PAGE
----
Javascript er ikke aktivert i din nettleser. Dette er nødvendig for å bruke Oncolex. Kontakt din systemadministrator for å aktivere JavaScript.

DNA Ploidy Investigation Aided by Image Cytometry

General

DNA ploidy investigation is defined here as the sequence of operations originating from paraffin embedded tumor blocks consisting of selection of tumor area, sectioning for preparation, preparation, Feulgen staining, measurement, editing, and classifying. 

DNA ploidy is a cytogenetic term describing the number of chromosome sets (n) or deviations from the normal number of chromosomes in a cell.  In cytometry, the expression is used either to describe the DNA content in a cell (c) or the total DNA distribution in a cell population.

Image cytometry is based on the Feulgen technique which is a widely used staining procedure within biology. The Schiff or Schiff-related reagent is used to bind to aldehydes created after the DNA is hydrolyzed with acid. This allows for staining of DNA in situ. The staining intensity is proportional to the DNA concentration and the amount of DNA in the nucleus is expressed by light absorbed by the Feulgen stain in the whole nucleus.

The Feulgen reaction is used to quantify the amount of DNA in a tumor nucleus. A digital camera captures images of individual nuclei in the specimen. The images are divided into image elements (picture elements - pixels). The gray tone value for each pixel represents the intensity of DNA specific staining. The value is saved in the computer which numerates between 0 (black) and 1023 (white).  The relative amount of DNA in each nucleus (DNA ploidy) is yielded by summing the optical density of all the pixels in the nucleus. DNA-ploidy measured in this way has shown to be a good prognostic and predictive method. Optical Density (OD) and Integrated Optical Density (IOD) are defined as:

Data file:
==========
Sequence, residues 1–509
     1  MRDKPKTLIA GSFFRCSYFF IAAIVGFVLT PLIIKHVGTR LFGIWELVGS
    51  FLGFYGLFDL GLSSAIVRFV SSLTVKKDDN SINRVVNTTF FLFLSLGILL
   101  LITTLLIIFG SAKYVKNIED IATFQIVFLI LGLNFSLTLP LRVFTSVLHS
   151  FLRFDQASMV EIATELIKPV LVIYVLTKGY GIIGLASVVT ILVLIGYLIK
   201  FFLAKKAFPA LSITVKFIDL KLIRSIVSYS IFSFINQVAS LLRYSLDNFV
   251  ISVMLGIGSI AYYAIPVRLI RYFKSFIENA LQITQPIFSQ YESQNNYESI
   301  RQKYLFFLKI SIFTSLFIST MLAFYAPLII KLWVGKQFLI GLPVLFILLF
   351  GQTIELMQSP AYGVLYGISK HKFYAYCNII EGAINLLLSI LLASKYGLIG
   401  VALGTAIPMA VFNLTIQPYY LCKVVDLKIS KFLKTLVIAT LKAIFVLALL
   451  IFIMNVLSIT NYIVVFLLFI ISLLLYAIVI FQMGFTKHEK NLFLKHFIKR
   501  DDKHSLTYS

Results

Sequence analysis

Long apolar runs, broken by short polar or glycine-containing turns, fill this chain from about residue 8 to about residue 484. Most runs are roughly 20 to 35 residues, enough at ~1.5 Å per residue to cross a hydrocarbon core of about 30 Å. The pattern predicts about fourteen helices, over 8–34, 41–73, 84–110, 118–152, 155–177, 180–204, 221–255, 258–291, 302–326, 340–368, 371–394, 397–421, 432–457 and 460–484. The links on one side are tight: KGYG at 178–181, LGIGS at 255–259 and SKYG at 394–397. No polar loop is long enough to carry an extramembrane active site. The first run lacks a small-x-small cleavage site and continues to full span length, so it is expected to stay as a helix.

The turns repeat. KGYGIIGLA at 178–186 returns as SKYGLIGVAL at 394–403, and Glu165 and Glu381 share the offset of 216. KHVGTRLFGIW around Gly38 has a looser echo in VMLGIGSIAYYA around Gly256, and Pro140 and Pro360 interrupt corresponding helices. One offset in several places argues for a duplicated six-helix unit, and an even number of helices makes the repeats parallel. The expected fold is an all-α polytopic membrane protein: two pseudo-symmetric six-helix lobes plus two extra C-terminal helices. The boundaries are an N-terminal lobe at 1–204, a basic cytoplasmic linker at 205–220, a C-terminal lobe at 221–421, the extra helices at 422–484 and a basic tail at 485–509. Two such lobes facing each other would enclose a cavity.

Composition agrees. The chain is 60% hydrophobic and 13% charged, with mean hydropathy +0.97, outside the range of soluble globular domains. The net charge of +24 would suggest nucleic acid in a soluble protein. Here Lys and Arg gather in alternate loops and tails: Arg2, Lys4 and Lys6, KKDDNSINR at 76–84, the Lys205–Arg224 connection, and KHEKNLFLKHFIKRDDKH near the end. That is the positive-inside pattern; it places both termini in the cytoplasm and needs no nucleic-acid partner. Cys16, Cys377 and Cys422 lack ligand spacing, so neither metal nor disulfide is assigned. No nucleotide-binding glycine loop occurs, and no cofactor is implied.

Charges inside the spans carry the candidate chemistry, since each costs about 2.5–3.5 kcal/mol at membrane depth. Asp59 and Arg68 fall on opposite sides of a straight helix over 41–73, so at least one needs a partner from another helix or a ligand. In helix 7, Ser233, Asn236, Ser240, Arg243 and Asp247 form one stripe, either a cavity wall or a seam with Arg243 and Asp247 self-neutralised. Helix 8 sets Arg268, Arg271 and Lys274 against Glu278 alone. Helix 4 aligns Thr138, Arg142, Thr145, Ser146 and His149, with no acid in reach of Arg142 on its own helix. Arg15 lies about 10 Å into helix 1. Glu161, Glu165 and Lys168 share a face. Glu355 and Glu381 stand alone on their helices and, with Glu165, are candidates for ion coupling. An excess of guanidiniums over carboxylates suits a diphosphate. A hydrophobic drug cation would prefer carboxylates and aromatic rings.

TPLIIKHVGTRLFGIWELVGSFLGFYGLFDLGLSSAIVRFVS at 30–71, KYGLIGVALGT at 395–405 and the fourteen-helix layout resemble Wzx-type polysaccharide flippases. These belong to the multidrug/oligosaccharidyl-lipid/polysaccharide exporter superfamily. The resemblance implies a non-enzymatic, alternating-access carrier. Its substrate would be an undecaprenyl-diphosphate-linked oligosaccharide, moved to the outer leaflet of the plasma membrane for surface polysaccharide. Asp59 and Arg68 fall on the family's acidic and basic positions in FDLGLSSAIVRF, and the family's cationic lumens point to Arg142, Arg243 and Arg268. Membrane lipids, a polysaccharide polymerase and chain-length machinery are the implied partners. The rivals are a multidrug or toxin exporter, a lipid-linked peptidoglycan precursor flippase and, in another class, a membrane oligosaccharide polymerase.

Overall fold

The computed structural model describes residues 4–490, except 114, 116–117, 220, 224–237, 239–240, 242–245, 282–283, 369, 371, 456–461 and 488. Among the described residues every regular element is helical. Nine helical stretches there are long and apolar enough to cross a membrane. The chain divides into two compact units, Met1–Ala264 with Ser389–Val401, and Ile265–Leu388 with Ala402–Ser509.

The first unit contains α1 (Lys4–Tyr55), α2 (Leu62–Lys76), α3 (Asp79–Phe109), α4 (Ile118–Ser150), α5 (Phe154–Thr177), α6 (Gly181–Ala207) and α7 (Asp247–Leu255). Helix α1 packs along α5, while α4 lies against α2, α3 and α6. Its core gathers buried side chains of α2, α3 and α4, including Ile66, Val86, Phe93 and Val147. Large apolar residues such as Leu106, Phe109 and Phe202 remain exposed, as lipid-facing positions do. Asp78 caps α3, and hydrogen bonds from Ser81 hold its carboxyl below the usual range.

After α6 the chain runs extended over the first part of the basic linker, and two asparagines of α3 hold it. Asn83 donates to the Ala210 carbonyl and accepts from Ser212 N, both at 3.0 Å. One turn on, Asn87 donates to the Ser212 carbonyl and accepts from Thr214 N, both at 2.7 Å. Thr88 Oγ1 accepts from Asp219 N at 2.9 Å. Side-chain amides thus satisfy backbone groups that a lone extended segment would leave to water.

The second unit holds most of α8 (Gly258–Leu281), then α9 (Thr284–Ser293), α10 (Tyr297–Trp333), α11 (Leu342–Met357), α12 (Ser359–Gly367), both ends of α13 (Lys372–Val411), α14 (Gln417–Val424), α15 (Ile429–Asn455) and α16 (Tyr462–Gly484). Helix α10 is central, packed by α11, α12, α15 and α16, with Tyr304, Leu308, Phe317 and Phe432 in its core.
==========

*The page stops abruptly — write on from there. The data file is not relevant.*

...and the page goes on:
During ploidy measurement, the IOD values of all of the nuclei in the specimen are registered and can be graphically developed into a histogram (x-axis: IOD value, y-axis: number of nuclei).

Clinical DNA ploidy investigations are routinely performed mainly on material from different gynecological cancers, prostate cancer, and oral cancer.

Goal

The goal of the investigation is to estimate a prognosis for the patient's cancer type. The treatment is customized depending on the ploidy result.

Oslo University Hospital shall not be liable for any loss whether direct, indirect, incidental or consequential, arising out of access to, use of, or reliance upon any of the content on this website. Oslo University Hospital© 2016